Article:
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Q&A: ‘Landmark’ study supports new, more aggressive blood pressure targets below 120/90

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Researchers from the National Institutes of Health reported Friday that the results of a clinical trial into optimal blood pressure targets were so revealing that they were ending the study a year early to be able to communicate the results to the public.

Gary Gibbons, director of the National Heart, Lung, and Blood Institute, said that the study showed that lowering systolic pressure to 120 millimeters of mercury (mm Hg) in people 50 and older -- as opposed to 140 as is currently recommended -- resulted in reduced rates of heart attacks, stroke and death.

"This study provides potentially lifesaving information that will be useful to health care providers as they consider the best treatment options," he said.

If you're on blood pressure medication or are thinking about it, here's what you should know about the announcement:

[Blood pressure study provides potential ‘lifesaving’ guidelines]

What do the current clinical guidelines say about blood pressure targets?

They recommend a systolic blood pressure of less than 140 mm Hg for healthy adults. It's 130 mm Hg for adults with kidney disease or diabetes. Systolic blood pressure is the top number in blood pressure readings and is a measure of the pressure when the heart muscle contracts.

The bottom number is known as diastolic pressure and is recommended to be below 90 mm Hg.

The 2014 Evidence-Based Guideline for the Management of High Blood Pressure in Adults, published in the Journal of the American Medical Association can be found here.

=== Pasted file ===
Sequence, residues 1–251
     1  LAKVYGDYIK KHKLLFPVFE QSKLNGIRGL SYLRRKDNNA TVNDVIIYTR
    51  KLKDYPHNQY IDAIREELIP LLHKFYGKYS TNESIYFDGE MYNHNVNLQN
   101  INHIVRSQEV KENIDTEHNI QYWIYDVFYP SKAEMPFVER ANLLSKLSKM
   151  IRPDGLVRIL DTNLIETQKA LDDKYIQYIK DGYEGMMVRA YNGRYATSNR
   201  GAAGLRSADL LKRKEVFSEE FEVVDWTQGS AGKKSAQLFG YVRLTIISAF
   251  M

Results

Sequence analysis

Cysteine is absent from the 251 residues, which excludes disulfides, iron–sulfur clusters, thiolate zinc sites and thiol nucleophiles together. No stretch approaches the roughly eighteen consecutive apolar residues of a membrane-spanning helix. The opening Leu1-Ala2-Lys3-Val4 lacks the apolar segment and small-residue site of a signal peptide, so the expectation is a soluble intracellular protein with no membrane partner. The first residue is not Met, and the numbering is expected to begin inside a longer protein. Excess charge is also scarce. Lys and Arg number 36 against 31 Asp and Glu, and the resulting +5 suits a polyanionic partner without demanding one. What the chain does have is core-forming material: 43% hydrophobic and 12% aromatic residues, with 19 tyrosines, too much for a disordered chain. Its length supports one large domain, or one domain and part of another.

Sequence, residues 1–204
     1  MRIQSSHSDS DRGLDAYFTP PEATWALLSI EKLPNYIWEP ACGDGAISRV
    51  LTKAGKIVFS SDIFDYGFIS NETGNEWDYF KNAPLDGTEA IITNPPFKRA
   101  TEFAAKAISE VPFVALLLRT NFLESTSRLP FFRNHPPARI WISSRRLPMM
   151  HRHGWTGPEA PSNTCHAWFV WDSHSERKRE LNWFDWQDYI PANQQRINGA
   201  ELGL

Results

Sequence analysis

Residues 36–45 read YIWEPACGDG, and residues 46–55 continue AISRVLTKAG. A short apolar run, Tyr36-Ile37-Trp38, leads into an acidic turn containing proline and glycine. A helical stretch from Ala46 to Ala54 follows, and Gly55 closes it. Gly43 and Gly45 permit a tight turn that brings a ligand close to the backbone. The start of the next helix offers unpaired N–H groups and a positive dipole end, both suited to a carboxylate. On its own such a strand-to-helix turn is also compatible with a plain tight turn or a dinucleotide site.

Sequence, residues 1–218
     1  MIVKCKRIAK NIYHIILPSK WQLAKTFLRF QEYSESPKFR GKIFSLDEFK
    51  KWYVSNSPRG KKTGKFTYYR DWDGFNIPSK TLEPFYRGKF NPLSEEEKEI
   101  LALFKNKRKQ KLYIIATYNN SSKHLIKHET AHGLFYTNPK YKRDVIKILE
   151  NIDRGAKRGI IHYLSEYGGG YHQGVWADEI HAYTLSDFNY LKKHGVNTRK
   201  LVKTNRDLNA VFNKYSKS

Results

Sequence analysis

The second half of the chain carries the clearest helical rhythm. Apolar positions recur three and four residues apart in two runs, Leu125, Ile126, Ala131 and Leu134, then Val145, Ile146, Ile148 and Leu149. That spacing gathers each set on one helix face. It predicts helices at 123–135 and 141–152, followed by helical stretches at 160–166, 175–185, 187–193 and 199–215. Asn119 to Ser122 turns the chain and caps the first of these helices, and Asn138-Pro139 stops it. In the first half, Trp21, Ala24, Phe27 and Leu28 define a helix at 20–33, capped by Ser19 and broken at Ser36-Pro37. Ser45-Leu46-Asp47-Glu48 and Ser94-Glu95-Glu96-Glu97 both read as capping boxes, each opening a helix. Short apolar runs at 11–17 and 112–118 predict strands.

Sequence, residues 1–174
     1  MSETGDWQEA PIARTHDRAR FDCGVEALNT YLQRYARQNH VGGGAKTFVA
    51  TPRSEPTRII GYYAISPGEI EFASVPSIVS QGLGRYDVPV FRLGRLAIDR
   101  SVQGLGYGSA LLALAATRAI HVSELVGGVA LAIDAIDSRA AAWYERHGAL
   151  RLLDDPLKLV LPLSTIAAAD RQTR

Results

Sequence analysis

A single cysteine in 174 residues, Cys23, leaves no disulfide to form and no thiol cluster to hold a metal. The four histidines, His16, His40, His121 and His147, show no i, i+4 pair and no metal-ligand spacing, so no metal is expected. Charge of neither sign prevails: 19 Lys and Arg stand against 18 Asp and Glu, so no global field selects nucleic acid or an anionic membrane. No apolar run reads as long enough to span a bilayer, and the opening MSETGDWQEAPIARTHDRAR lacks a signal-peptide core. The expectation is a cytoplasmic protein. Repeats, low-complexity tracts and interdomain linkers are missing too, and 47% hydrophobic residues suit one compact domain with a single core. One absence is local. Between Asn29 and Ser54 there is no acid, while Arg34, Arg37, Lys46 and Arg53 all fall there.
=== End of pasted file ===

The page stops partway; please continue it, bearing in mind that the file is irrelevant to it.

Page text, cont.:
Tell me about the design and findings of the new study.

Called SPRINT, or the Systolic Blood Pressure Intervention Trial, the study began in the fall of 2009 and enrolled more than 9,300 patients 50 years and older for increased risk of heart disease or who have kidney disease.

The study participants were randomly divided  into two groups that had different targets for blood pressure control. One group received blood pressure medications to bring their blood pressure to less than 140 mm Hg. The other aimed for less than 120 mm Hg. The first group received an average of two medications and the second three medications.

The researchers tracked the two groups over time and found that the group that had a target of 120 mm Hg experienced reduced rates of cardiovascular events, such as heart attacks, heart failure and stroke. Their risk of death was reduced by almost a quarter  compared with the group with a 140 mm Hg target.

The study did not address diastolic blood pressure.

I have high blood pressure. Does this mean I should start taking more medicine in order get my systolic blood pressure to 120 mm Hg or below?

That's something to discuss with your health care provider. In some people, especially those over age 75, taking more medicine may be risky, and the possible side effects, interactions or impact on other organs should be weighed against the potential benefits of the reduction in risk of heart events. Keep in mind that there are ways to lower blood pressure other than medicine, including exercising regularly and eating healthy foods low in salt.

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